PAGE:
Covered In Ash

Jordan Sirek


Indonesia; Yogyakarta, Daerah Istimewa Yogyakarta, Indonesia

Covered In Ash, a story about the people who live on the most active volcano in Indonesia, addresses the question, “why do you live here?” Home to thousands of people, Mt. Merapi erupts every two years or so, with large, deadly eruptions not uncommon. These eruptions typically destroy everything in the path of the hot volcanic ash emitted. Yet, people continue to live on this volatile belly button of earth.

Appearing often in ancient Indonesian myth, Merapi’s ash, over time, has covered all of the land on the mountain. This ash is a provider of nutrients, making the mountain’s slopes some of the most fertile land in the world. Sections of the land on the slopes have been passed down through families over hundreds of years, often being used for agriculture. Lush fields of tobacco, coffee, vegetables, and rice are seen all over the mountain. The people who work on and own these farms, content as they may be, lose all of their crop during an eruption. They always return, though, and continue to make the mountain home. Many of them have nowhere else to go, but the people who live here have a real connection to the land. As much as it seems to take, it gives even more.

This story offers a message of what it means to truly have a home, even in the constant threat of loss.

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  • Women who live in Setabelan, the village nearest the peak and crater of Mt. Merapi, pray together on a Muslim holiday, Eid Al-Adha. The entire village gathered at a small Masjid to pray, women separate from men, just before village goats were slaughtered in a sacrificial ceremony.

  • Mt. Merapi stands over a field of chilis growing on its western slopes. Chilis are commonly found on farms all over Merapi’s slopes. Most typically used to spice foods, these chilis are also used to make one of South Asia’s most unique condiments - Sambal.

  • A group of young boy scouts pose for a photo together in front Mt. Merapi, at the last research check point before the peak of the volcano, roughly three kilometers away. While visiting the research center temperature gauges and cameras placed in and around the crater of the volcano were not functioning properly. The only way to tell if the volcano was soon to erupt was by tremor monitors, that may only give a warning of a few seconds before the eruption happens.

  • A woman walks through an area she has been mining for a few months. As mining volcanic ash becomes more popular and lucrative on Merapi, some smaller groups have decided to begin digging with their bare hands and shovels.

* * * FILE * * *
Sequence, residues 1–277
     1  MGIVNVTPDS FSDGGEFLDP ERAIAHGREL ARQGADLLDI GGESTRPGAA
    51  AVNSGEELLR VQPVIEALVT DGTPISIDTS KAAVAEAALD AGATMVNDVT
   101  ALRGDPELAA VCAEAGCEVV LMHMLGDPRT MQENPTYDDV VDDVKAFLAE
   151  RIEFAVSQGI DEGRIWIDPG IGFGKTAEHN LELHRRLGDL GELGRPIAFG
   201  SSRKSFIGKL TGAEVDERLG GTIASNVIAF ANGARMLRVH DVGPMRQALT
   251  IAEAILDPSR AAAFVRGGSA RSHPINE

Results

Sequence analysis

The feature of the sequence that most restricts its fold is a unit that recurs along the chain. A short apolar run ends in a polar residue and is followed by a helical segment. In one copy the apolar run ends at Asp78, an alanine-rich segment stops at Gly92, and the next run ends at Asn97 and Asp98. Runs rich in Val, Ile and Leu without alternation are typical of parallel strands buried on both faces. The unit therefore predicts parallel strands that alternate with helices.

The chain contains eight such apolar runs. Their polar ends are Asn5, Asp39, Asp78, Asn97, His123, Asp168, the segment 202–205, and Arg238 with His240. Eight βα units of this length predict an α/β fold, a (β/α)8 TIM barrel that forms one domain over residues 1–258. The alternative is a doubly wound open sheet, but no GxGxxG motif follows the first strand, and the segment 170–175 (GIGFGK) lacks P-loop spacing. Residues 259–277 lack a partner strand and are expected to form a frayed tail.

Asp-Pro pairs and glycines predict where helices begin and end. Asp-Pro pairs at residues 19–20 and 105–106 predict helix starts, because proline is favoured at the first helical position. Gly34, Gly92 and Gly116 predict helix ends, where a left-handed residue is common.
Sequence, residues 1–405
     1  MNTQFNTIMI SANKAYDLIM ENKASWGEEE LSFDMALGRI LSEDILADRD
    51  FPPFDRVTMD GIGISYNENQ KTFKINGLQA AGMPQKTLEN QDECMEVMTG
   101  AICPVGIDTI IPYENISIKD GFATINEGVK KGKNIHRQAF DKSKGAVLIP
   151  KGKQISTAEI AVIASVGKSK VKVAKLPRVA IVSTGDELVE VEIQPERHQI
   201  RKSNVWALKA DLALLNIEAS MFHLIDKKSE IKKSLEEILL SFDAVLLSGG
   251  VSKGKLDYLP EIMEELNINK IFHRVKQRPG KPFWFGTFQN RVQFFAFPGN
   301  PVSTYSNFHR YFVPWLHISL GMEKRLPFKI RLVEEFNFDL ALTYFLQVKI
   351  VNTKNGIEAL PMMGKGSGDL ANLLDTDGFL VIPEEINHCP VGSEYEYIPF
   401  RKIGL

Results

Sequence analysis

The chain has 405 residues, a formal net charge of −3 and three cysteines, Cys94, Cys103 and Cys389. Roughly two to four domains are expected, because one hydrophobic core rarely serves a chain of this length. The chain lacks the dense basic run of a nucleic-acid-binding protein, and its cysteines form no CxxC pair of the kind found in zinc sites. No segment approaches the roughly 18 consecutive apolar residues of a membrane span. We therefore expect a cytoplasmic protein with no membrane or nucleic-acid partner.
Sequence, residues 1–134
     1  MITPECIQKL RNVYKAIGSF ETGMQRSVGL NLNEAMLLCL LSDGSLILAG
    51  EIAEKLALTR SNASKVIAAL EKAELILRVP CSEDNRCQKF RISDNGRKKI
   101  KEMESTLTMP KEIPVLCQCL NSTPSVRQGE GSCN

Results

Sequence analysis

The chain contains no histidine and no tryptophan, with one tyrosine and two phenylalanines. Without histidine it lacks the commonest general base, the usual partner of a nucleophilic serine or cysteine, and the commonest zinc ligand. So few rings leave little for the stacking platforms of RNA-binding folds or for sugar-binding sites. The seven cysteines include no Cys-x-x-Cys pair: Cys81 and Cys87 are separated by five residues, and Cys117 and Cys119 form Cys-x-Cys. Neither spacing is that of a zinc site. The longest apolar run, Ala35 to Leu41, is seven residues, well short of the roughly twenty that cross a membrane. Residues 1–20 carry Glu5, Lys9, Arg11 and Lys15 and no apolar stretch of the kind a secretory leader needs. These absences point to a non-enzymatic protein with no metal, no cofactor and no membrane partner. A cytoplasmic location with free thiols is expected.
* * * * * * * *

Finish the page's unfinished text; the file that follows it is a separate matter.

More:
• A 2010 eruption of Mt. Merapi destroyed thousands of homes on the southern hills of the volcano. Here, walls from a former colonial mansion stand amongst the lush forest that grew where the rest of the house once stood. Former tenants of these homes are not allowed to rebuild, as these areas are now considered a high threat location, with future eruptions not unlikely to move through the same areas.

  • Large mining companies pay freelance drivers to move large rocks and truckloads of volcanic ash on the slopes of Merapi. Technically illegal, many locals believe police in the area have been compensated to ignore the operation. Residents all over the mountain are angry and protest regularly, as the loss of earth means a loss of nutrients and water for the fields further down the mountain, as well as the loss of fertile land for new farms.

  • A mystical dancer, celebrating Mt. Merapi at an annual festival of Volcanoes, makes his way down the rice paddy levels towards a small village after a performance. A full day of celebrations included many groups of similar dancers, local food, and other traditional Javanese performances.

  • A family of tobacco farmers prepare their recent crop to sell at a village market a few kilometers away. High on the slopes of Mt. Merapi, tobacco farming is a common crop, as the climate is ideal for tobacco growth.

  • Young girls look at Mt. Merapi from their float during an Indonesian Independence Day parade in a village near the top of the mountain. Though a celebration of Independence, many village locals use it as an opportunity to share their praise for Merapi, while other us it as a day to protest the mining taking place on the mountain.

  • The wife of Mr. Senang stands in the kitchen of their family's home, which stands in the highest village (Setabelan) on the western face of Mt. Merapi. Mr. Senang has prepared his family to die in their home, as he believes it would be bad luck for the rest of the village if his family leaves during an eruption. The most recent eruption left three feet of hot ash covering the village. There are worries that a large chunk of the western face of the mountain's peak will collapse during the next eruption, allowing all of the hot ash and lave to flow directly towards the Senang's village, certainly destroying everything it touches.

  • A group of drummer boys march towards the end of a parade route that leads directly to a new southern viewpoint of Mt. Merapi. This new "tourist destination" will now be used as a place for people in neighboring villages to open small shops, eateries, and coffee stands. The people who live on the mountain worship Mt. Merapi, as it has allowed them to support their family through many generations via farming, tourism, and the sales of local coffee.